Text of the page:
‘Tis the day–in fact, the season–of giving thanks for all the goodness in our lives. Like so many others this Thanksgiving Day, I am grateful for the family and friends who enrich my life in so many magical ways, just as I am grateful for the protective roof over my head, the abundant food on my table, and the concealing clothes on my back (you should probably be grateful for my clothes, too!).
These are the people and things for which I give thanks every day of the year, not just on this particular one. But there are others, perhaps a little obscure, for which I am also grateful, and today is just as good a day as any to give them their overdue recognition.
I am thankful for everything I have wanted that I haven’t gotten (so that I always have something to strive toward), and I’m thankful for everything I haven’t gotten that I’ve definitely deserved (numerous opportunities for speeding tickets come to mind).
I am thankful that I inherited my mom’s turkey and dressing recipe (that she inherited from her mom). I’ve never tasted better, and putting their delicious dish on my Thanksgiving table makes me feel their approving presence.
I am thankful for the night-time rain beating against my window, drowning out all distractions and lulling me into a rare night of deep, blissful slumber.
I am thankful for any day spent in an over-sized sweatshirt and faded blue jeans.
I am thankful for my grandmother’s quilts for the comforting warmth they provide and the sweet memories they invite.
I am thankful I have an obstacle-free path between my bed and my bathroom so that I can make my frequent middle-of-the-night excursions without ever turning on a light.
I am thankful for Food Network for giving me the courage to expand my culinary comfort zone (cardamom and coriander, turmeric and thyme–oh my!).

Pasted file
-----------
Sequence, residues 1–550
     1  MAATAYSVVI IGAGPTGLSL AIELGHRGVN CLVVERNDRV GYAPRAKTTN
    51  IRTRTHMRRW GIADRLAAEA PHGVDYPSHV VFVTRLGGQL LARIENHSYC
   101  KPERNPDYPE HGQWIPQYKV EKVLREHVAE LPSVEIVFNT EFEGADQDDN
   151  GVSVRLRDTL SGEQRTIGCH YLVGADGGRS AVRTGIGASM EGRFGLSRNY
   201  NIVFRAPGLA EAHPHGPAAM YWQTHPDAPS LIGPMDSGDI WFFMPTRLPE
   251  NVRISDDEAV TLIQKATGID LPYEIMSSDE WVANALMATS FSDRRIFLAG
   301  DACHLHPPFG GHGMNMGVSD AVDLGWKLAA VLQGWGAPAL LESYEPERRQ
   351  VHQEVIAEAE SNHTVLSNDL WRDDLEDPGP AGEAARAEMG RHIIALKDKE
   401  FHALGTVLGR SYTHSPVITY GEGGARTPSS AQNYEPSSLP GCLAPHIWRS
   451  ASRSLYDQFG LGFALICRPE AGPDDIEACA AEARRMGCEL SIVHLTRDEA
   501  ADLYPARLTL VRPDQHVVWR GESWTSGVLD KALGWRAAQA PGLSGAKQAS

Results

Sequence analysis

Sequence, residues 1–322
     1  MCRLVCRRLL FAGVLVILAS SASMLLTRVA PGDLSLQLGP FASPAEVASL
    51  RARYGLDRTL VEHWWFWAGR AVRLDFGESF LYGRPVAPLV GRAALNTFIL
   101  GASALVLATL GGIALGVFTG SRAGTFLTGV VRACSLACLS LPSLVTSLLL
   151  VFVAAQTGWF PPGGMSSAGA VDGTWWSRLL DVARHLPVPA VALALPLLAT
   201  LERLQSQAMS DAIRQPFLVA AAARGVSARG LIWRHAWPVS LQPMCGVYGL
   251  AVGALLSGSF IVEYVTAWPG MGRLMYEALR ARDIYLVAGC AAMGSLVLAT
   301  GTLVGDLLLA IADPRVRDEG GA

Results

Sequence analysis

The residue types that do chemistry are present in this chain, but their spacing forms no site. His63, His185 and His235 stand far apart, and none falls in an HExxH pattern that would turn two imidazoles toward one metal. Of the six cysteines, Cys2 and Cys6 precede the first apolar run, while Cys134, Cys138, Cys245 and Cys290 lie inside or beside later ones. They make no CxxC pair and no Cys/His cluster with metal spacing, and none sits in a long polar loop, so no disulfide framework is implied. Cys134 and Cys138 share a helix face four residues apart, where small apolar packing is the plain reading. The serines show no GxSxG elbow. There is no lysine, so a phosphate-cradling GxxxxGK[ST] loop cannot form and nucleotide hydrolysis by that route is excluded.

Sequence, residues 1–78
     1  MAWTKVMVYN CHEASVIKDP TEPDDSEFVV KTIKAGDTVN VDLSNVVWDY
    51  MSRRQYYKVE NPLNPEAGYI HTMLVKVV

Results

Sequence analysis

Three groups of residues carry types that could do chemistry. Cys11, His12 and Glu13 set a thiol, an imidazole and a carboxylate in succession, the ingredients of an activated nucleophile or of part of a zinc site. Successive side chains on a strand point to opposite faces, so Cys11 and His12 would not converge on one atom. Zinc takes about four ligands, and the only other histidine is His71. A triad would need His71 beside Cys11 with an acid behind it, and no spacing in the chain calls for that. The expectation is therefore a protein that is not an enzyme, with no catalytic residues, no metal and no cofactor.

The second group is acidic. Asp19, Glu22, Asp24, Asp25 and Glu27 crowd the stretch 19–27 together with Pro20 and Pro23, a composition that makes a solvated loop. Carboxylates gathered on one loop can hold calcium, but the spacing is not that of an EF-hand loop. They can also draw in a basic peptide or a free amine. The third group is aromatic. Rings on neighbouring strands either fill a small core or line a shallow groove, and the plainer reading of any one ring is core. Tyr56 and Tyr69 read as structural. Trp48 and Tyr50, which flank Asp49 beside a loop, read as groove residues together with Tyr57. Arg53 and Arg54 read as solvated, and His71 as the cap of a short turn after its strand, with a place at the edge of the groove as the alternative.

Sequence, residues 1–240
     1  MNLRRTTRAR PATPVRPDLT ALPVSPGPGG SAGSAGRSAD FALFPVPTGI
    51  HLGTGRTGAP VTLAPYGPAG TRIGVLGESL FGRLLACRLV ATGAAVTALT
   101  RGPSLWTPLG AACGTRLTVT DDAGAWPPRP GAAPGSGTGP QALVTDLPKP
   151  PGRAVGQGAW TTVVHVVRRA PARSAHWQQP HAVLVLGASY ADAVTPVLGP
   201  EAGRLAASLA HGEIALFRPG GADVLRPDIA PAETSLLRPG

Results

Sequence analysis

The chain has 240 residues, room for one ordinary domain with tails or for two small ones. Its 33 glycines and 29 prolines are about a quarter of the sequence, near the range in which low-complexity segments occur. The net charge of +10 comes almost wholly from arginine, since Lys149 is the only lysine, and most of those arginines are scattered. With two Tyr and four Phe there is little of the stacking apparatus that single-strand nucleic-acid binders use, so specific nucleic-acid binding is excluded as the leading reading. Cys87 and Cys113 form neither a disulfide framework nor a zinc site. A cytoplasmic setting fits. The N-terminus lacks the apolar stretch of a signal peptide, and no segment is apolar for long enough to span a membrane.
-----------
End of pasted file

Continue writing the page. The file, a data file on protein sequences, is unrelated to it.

I am thankful that Martha’s tumor is shrinking and her chances of recovery are improving.
I am thankful for the 20-minute drive to and from work each day–just enough time for gearing up or winding down.
I am thankful for my delicious well water, so crisp and so clean and so free.
I am tremendously thankful for my toasty buns on icy cold mornings (compliments of the “butt warmer” in my leather car seat!).
I am thankful that I can sing every word of every song on the “oldies” radio station (and yes, I know what that says about me!).
I am thankful for my large desk calendar that gives me a place to doodle and scribble and ponder and plan.
I am thankful that being around germ-ridden teenagers for the past 29 years has created in me an immune system so strong I should be a case study for the World Health Organization.
I am thankful for leftover pumpkin pie for breakfast.
I am thankful for the electricity that powers my hot water heater, my hair dryer, my microwave, and my computer (my morning essentials).
I am thankful for free shipping.
I am thankful for the early morning phone call announcing “no school due to inclement weather.” Crawling back into my warm, inviting bed for another hour (or two) is such a guilty pleasure!
I am thankful for those brief moments of absolute, stunning silence–so rare but oh, so precious!
I am extremely thankful for Advil and Icy Hot and heating pads (can I hear an “Amen!”?).
I am thankful for the challenges I’ve faced because, even though they have often defeated me, they have made me stronger and smarter and even more determined to beat back daily demons.
I am thankful for that moment when I see the last son’s headlights coming down the driveway so that the wait and the worry is temporarily halted.
I am thankful for my soon-to-be-delivered whirlpool tub (you and I are going to be such great friends!).
I am thankful for the person who first realized that chocolate and peanut butter was a tasty combination (and that chocolate and caramel was even better!). That woman (surely it was a woman!) was a genius!
And finally, in the words of Woody Allen, “I am thankful for laughter, except when milk comes out of my nose.” Now, in my case, it would be Diet Dr. Pepper (never milk), and I know from experience that it burns like crazy when it explodes through the nasal cavity. But the gut-busting laughter that induces such an experience is priceless–the same laughter that sometimes makes me cry, occasionally makes me snort, and always makes me feel so gloriously happy. I am especially thankful for the joy-makers who bring such laughter into my day.
This list could go on and on and on, but it’s time to take the pumpkin pie out of the oven and put the turkey in–time to get down to serious business. I hope your Thanksgiving is filled with love and laughter shared with kindred spirits and an abundance of food, glorious food (and everything else that makes you happy). Enjoy!